Big Law Partner’s murder conviction overturned by Georgia Supreme Court

The Georgia Supreme Court on Thursday quashed the felony conviction of former Fisher & Phillips partner Claud “Tex” McIver III.

The court that convicted McIver in 2018 after firing a shot that killed his wife failed to inform the jury of a lesser charge, the state’s top panel found.

McIver is eligible for retrial on the felony murder charge as well as the lesser charge of involuntary manslaughter, according to the court. The Fulton County Attorney’s Office did not immediately respond to calls.

A 40-year labor and employment law veteran, McIver had represented high-profile Republican politicians in Georgia, including former Gov. Nathan Deal and John Padgett, former leader of the Georgia Republican Party.

His wife Diane died in 2016 after a gun McIver was holding in the back of a car shot through a seat and into her back. Evidence presented at the trial that provided “some support” for a jury indictment of the lesser crime, the court said in its statement.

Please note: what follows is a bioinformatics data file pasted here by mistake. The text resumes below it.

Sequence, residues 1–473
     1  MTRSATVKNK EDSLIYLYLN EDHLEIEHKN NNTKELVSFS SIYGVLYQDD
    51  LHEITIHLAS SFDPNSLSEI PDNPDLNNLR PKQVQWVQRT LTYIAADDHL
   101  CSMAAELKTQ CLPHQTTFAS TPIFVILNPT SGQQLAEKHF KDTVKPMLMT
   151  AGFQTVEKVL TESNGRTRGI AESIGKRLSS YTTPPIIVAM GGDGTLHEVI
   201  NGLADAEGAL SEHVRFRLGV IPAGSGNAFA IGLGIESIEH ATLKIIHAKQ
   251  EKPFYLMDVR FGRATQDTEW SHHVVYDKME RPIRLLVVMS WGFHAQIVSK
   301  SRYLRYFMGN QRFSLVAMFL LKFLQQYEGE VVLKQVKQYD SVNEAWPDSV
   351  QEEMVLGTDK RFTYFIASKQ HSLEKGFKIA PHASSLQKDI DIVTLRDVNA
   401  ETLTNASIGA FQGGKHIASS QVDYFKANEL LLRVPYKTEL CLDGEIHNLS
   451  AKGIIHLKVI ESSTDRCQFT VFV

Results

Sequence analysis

Court evidence showed that McIver held the gun sideways when firing; he had slept with the gun in his hand; and it fired as he woke startled.

Expert testimony revealed that McIver suffered from a sleep disorder that caused involuntary movements when waking up.

“From this evidence the jury could have concluded that the revolver was not fired intentionally or intentionally but, as McIver suggests, was fired in response to being startled,” said Chief Justice Michael Boggs in the Supreme Court’s opinion.

The court originally sentenced McIver to life in prison for felony murder, five years for tampering with a witness, and five years suspended for gun crime. The report confirmed the conviction for influencing a witness.

McIver argued on appeal that the trial court unlawfully failed to instruct the jury on a lesser charge, involuntary manslaughter in the commission of a lawful act.

He was represented by Donald Samuel of Garland, Samuel & Loeb, who did not immediately return a phone message or email asking for comment on the statement.

The case is: McIver v. The State, S22A0093.